Breaking News: Ballotpedia partners with White House and Congressional leadership to sponsor Affordable Stare Act (ASA)

Massachusetts Comprehensive Permits and Regional Planning Initiative, Question 2 (2010)

From Ballotpedia
Jump to: navigation, search
Voting on Property
Ballot Measures
By state
By year
Not on ballot
The Massachusetts Comprehensive Permits and Regional Planning Initiative, also known as Question 2, was on the November 2, 2010 ballot in the state of Massachusetts as an indirect initiated state statute, where it was defeated.

The measure was sponsored by Better Not Bigger, a local advocacy group in the state.[1][2][3]

The measure was proposed to repeal a state law, Chapter 40B, that allowed an organization that was proposing to build government-subsidized housing that included “low- or moderate-income units to apply for a single comprehensive permit from a city or town’s zoning board of appeals.” According to the official summary of the measure, the repeal was to take effect on January 1, 2011. According to Chemaly, "It's not based on helping poor people. It's all about how can we sell as many units as possible and for them to still be federally and legally (dubbed) affordable" [4]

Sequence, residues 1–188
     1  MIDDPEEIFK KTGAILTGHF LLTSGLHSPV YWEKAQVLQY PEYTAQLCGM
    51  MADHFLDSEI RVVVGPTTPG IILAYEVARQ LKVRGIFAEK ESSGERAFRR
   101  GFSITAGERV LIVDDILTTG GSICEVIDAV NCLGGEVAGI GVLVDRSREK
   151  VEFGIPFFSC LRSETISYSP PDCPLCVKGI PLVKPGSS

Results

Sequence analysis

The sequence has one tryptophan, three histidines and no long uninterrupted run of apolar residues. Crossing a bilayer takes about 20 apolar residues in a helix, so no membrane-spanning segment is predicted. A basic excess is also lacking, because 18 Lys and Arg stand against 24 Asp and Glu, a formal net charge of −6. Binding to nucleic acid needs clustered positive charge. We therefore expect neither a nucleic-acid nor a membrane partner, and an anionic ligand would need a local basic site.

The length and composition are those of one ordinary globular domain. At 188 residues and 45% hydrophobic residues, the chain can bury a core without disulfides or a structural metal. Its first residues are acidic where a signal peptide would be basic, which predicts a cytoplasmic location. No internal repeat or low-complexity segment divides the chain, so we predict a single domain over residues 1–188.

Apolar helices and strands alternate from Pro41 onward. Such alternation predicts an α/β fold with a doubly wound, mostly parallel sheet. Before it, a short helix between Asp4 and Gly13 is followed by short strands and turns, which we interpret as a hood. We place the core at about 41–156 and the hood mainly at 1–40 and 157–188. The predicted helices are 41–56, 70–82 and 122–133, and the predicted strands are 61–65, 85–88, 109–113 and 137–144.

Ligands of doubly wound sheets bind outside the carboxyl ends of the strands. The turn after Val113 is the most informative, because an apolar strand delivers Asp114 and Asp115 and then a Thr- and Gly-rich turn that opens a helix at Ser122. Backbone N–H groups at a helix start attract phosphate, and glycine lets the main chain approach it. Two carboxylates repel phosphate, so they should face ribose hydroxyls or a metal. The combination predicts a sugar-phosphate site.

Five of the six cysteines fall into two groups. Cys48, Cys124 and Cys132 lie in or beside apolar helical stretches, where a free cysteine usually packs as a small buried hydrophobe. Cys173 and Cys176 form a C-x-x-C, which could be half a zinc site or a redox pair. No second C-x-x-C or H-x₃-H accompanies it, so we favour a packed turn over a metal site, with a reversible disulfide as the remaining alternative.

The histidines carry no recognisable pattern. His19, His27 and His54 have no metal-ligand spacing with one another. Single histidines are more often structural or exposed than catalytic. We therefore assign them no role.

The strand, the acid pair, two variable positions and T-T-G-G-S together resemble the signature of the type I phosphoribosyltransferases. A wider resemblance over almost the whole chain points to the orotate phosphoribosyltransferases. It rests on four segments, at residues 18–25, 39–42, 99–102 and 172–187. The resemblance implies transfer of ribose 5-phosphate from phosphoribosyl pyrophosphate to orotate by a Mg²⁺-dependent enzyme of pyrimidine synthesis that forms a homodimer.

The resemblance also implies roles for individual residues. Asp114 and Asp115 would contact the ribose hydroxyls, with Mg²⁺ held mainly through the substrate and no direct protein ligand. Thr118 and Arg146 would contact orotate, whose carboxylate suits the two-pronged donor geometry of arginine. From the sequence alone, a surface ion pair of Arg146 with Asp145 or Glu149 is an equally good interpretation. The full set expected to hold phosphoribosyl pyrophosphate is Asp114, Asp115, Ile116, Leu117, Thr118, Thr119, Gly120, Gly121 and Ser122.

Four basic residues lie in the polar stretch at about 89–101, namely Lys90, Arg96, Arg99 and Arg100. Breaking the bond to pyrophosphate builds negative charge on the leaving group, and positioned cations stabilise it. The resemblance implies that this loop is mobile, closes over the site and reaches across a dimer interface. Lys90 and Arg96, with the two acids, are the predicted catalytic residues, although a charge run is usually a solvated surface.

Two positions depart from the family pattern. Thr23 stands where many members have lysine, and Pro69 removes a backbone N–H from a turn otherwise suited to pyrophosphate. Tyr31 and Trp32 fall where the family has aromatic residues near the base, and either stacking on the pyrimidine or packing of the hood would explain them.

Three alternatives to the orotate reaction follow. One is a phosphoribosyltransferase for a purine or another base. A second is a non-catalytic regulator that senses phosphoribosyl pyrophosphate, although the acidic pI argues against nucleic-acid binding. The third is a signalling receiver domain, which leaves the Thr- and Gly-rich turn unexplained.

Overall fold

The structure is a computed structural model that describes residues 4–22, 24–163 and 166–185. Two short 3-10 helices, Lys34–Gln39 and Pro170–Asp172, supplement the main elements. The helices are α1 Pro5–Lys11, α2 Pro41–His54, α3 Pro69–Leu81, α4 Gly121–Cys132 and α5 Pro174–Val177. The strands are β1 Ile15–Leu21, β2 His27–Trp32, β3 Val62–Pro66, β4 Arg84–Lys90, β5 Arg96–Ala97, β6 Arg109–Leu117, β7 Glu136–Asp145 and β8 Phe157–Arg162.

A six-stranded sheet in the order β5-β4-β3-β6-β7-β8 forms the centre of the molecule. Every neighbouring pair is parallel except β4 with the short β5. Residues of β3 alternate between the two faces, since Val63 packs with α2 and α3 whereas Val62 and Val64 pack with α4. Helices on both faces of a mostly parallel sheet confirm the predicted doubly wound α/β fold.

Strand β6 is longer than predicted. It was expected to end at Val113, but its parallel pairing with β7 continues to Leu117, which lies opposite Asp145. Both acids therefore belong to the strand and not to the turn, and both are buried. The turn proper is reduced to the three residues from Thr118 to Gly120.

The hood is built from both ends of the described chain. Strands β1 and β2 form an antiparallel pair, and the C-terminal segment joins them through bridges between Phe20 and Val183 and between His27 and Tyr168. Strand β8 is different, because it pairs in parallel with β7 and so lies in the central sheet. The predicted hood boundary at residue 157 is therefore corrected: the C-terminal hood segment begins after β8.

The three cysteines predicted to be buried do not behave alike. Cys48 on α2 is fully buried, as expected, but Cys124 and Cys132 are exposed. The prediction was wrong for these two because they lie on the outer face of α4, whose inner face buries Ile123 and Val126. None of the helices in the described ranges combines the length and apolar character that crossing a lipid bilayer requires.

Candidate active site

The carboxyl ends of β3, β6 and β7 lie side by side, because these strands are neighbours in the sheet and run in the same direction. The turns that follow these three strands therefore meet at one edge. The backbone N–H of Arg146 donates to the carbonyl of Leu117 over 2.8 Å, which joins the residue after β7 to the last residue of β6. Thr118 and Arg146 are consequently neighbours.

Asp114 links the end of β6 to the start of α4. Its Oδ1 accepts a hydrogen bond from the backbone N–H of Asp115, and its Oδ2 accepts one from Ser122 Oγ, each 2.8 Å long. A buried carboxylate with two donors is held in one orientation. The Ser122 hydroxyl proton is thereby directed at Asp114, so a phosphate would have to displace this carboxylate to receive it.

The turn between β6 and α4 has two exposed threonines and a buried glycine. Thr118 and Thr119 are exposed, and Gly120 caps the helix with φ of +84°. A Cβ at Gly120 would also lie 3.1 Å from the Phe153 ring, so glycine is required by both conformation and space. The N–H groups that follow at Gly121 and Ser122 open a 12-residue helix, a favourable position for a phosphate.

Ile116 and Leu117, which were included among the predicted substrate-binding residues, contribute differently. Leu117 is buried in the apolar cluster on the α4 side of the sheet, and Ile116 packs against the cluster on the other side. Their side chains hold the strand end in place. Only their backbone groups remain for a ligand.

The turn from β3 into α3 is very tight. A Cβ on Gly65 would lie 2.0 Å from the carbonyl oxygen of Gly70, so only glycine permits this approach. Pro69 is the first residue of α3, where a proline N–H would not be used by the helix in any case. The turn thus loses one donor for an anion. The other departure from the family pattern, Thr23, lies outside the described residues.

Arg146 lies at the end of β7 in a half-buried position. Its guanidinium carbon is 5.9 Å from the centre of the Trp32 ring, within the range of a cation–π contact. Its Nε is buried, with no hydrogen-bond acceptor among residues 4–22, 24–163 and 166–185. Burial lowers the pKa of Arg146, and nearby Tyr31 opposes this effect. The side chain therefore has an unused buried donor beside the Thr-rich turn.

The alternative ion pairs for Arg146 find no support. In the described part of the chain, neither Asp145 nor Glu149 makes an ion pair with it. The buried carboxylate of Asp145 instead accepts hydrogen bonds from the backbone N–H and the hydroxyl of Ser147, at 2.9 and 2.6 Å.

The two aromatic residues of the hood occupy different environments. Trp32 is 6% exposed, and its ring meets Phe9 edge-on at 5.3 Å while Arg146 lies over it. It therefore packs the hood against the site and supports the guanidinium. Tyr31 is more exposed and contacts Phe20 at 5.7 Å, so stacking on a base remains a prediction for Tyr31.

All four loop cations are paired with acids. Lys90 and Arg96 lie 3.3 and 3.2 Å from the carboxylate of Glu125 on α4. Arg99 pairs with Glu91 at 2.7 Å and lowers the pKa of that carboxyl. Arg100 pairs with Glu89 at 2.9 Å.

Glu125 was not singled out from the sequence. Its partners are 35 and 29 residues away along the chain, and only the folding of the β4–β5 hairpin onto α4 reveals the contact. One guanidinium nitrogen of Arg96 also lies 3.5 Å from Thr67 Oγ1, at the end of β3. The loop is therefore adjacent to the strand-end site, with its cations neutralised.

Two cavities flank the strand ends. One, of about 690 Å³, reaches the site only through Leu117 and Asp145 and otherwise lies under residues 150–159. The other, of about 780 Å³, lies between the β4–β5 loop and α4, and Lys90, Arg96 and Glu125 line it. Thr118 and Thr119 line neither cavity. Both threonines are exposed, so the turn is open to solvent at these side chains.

Details of Chapter 40B included:[5]

  • Became a law in 1969.
  • Allowed developers to avoid local zoning limits if they agreed to reserve some of their projects for moderate-income residents.
  • About 25 percent of the units must have been set aside for moderate-income residents to meet this requirement.
  • Local areas could reject projects if 10 percent or more of their housing stock was deemed affordable.
  • If local towns or cities made progress toward said 10 percent mark, they could still reject projects.

Election results

See also: 2010 ballot measure election results

Official results follow:

Question 2 (Comprehensive Permits and Planning)
Defeatedd No1,254,75958%
Yes 900,405 42%

Results via Massachusetts Election Division

Text of measure


The summary of the measure read:[6]